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Akko riots get buried by credit crunch

By Alex Brummer, October 23, 2008

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Critics lap up the Tom Hurndall film…

By Alex Brummer, October 17, 2008

The IDF's shooting of 21-year-old Tom Hurndall, a volunteer for the International Solidarity Movement, in April 2003 was a tragic mistake for which its reputation has suffered dearly. As a result of the tenacious campaign by the Hurndall family, the soldier responsible, Taysir Hayb, is serving eight years for manslaughter. A British inquest found that Hurndall had been "intentionally killed" and delivered a verdict of "unlawful killing".

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Comment is free, but it can go too far

By Alex Brummer, October 10, 2008

Media websites have a duty to make sure they do not turn into forums for hate


One of the great challenges for newspapers with widely used websites is how to police the comments by readers. Each publication has its own rules. The Guardian's Comment is Free website aims to take down unacceptable material as soon as possible after it is posted. The Jerusalem Post has a policy of pre-vetting material using a team of monitors.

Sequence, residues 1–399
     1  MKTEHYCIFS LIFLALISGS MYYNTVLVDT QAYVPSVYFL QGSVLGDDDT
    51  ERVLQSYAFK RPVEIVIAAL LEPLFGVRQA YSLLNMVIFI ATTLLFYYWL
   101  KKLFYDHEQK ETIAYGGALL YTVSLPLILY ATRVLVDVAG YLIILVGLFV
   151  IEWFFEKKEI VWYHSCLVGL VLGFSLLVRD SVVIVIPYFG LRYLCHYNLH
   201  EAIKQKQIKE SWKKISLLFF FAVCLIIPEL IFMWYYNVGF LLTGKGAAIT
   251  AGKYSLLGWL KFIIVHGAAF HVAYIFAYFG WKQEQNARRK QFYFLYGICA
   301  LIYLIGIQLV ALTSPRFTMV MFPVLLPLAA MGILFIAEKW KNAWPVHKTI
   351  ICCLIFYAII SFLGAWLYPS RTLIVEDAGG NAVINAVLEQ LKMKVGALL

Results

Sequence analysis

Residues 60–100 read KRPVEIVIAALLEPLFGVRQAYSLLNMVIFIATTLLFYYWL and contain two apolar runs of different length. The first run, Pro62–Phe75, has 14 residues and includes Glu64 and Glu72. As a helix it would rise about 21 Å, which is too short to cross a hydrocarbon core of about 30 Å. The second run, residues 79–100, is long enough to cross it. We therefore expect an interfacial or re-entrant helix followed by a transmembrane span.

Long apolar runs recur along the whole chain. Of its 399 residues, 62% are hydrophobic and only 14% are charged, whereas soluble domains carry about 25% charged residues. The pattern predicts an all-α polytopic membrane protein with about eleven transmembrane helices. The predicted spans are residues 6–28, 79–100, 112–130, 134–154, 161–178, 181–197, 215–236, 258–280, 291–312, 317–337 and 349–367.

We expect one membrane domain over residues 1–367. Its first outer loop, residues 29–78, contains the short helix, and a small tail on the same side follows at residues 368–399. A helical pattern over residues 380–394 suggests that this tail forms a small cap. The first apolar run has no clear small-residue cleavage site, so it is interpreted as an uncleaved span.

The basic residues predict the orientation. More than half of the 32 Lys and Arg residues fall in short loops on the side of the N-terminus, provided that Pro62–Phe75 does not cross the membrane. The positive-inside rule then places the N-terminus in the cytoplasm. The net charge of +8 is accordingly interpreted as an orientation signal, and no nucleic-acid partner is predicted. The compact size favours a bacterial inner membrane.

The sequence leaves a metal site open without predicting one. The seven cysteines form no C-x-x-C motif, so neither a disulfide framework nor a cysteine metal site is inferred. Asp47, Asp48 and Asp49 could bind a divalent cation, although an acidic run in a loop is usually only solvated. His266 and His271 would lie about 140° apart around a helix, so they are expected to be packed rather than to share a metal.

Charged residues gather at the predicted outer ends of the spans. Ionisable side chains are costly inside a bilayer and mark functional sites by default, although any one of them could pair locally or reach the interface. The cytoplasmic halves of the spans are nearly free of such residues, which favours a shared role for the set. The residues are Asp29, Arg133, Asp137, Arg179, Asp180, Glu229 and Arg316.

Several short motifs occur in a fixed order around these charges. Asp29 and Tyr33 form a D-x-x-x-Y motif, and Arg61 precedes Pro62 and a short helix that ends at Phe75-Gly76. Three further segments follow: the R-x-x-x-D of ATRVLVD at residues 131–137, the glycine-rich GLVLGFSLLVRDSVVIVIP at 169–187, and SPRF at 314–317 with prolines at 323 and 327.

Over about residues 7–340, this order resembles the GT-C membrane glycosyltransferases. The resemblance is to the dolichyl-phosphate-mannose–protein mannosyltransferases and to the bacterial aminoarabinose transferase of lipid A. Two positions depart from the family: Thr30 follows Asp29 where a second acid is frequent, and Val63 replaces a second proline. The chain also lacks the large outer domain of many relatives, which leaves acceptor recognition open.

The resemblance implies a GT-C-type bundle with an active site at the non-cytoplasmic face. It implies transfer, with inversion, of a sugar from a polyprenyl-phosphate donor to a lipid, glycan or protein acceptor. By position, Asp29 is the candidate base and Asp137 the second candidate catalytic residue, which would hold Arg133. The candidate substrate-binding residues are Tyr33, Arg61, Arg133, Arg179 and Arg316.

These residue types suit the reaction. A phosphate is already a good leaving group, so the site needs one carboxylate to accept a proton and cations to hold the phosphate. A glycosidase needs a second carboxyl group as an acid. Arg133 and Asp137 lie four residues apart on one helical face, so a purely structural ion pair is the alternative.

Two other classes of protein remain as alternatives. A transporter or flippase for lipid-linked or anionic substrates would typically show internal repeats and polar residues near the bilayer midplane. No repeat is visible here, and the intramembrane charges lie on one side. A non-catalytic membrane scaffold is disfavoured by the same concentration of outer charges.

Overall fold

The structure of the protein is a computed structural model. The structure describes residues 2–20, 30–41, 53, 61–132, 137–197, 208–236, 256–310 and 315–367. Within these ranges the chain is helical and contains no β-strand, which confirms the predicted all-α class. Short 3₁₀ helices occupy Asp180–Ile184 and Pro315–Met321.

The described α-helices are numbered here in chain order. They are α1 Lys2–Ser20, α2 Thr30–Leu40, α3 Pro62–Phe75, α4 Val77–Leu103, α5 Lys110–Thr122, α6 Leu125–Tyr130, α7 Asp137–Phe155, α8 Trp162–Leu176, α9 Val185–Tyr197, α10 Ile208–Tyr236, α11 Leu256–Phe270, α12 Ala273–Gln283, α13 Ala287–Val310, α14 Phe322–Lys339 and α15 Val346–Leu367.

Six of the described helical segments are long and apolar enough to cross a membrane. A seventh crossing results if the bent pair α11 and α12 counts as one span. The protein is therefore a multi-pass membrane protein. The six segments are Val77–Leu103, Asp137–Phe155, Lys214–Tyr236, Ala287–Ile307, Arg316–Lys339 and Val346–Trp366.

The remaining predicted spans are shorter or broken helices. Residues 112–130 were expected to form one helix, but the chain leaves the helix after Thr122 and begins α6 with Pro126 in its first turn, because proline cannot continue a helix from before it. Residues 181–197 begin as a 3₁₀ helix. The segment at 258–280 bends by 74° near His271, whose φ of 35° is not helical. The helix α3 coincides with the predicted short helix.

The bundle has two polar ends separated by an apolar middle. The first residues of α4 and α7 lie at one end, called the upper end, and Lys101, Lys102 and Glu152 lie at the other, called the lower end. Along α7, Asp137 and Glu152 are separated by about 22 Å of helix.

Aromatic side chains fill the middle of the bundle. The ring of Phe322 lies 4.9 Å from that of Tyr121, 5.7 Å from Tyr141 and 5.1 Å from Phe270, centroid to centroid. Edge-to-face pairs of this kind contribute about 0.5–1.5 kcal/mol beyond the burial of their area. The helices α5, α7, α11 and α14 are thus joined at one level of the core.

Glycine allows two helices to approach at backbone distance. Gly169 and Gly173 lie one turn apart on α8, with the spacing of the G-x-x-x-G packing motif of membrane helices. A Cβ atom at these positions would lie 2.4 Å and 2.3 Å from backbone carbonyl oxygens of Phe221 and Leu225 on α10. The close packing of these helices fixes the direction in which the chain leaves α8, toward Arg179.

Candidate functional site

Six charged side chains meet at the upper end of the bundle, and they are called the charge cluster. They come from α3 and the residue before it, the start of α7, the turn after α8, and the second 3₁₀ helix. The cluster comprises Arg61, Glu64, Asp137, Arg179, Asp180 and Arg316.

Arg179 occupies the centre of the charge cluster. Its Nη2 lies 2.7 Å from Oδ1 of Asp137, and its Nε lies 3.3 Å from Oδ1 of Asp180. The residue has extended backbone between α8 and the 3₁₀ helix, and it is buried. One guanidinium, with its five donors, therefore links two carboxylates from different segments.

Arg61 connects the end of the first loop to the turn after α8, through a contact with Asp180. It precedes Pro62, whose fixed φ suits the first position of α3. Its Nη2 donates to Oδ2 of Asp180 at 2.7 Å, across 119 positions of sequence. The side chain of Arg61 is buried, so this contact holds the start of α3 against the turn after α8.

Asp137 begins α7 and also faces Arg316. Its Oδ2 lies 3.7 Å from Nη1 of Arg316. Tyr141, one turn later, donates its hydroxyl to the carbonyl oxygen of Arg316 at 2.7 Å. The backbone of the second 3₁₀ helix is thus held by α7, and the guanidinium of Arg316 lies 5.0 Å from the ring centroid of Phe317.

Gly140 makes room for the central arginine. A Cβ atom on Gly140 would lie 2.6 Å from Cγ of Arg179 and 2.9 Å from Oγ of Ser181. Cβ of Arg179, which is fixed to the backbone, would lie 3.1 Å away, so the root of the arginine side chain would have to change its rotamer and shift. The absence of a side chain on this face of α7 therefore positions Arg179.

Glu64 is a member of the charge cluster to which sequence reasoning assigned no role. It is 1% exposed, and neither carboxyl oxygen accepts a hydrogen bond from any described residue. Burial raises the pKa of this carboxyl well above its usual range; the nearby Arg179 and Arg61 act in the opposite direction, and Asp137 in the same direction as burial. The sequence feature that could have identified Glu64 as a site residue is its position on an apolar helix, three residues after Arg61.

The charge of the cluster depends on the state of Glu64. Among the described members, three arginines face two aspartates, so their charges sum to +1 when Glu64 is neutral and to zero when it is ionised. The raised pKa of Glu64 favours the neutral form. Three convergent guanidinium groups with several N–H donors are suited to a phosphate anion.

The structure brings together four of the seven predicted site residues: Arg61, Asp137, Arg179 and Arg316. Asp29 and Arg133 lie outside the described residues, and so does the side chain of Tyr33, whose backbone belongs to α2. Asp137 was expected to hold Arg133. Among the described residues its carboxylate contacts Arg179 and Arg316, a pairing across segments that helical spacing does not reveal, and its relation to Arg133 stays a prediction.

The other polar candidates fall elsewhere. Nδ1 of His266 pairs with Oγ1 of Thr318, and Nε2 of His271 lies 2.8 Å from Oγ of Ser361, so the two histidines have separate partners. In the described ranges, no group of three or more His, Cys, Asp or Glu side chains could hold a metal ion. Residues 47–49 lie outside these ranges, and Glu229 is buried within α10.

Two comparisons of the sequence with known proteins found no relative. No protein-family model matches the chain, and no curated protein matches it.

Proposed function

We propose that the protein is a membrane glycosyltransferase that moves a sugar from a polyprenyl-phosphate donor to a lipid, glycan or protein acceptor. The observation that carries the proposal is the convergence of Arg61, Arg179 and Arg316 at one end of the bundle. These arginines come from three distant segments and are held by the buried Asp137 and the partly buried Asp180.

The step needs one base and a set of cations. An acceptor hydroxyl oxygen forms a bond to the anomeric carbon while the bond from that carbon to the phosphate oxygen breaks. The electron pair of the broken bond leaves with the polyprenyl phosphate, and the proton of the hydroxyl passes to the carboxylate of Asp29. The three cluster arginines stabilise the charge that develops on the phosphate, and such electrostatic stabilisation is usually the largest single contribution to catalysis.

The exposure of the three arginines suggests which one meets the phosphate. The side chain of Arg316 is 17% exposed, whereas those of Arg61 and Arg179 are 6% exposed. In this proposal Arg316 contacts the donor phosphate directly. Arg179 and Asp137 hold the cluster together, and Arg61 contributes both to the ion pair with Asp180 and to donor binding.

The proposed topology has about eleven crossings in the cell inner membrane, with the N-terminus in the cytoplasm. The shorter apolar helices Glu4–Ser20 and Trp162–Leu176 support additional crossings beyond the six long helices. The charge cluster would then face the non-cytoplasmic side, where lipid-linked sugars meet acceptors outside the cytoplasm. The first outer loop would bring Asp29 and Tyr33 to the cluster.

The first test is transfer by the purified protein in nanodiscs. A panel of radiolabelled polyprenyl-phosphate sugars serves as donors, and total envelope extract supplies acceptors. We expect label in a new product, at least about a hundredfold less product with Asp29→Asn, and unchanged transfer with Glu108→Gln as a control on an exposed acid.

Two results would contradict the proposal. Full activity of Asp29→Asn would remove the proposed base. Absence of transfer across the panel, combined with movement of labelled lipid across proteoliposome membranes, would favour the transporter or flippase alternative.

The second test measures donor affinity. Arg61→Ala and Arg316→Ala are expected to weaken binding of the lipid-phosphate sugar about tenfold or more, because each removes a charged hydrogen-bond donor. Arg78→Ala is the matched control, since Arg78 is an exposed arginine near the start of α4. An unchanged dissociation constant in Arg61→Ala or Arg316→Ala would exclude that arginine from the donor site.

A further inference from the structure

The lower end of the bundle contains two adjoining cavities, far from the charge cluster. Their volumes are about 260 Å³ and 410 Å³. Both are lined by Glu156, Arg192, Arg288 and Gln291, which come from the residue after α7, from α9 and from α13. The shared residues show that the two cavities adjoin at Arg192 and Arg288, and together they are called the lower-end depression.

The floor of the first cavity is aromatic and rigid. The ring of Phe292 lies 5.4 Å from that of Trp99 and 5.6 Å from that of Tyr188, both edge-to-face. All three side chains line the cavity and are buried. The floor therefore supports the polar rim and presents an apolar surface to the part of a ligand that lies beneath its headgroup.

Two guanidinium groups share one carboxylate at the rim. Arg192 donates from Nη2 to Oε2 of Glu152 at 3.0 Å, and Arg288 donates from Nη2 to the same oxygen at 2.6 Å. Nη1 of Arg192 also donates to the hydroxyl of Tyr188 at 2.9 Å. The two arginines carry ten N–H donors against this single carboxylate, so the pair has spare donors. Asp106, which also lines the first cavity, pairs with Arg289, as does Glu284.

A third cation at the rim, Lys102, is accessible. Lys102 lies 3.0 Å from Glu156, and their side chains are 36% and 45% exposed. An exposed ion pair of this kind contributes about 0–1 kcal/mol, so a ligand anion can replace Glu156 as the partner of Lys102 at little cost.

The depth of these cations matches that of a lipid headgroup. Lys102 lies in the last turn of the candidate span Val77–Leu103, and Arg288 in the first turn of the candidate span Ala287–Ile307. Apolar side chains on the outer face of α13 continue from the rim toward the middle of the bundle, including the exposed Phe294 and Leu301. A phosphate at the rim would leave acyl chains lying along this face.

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Papers are too quick to accept NGO reports

By Alex Brummer, October 3, 2008

Why do the media back claims by non-governmental organisations with their own agendas?

Few regions in the world are as closely monitored by non-governmental organisations (NGOs) as Israel and the Palestinian territories. Almost every aspect of Israel's behaviour comes under scrutiny, from the medical care for Palestinians seeking treatment in Israel to food supplies in Gaza and the peace process.
The presence of so many such groups in the region is a compliment to the pluralism of Israeli democracy.

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Livni, the ‘spy’ who seduced the press

By Alex Brummer, September 26, 2008

The new Kadima leader has received plenty of positive coverage, thanks to her gender and Mossad past


Amid headlines dominated by the meltdown of global banking, few other international stories have caught the imagination of Britain's notoriously fickle press in recent days. Among the small band of exceptions was the story of the narrow victory of Tzipi Livni in the Kadima leadership election, which is likely to result in her becoming Israel's second female prime minister.

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Fine journalism as a paper hunts for Shalit

By Alex Brummer, September 19, 2008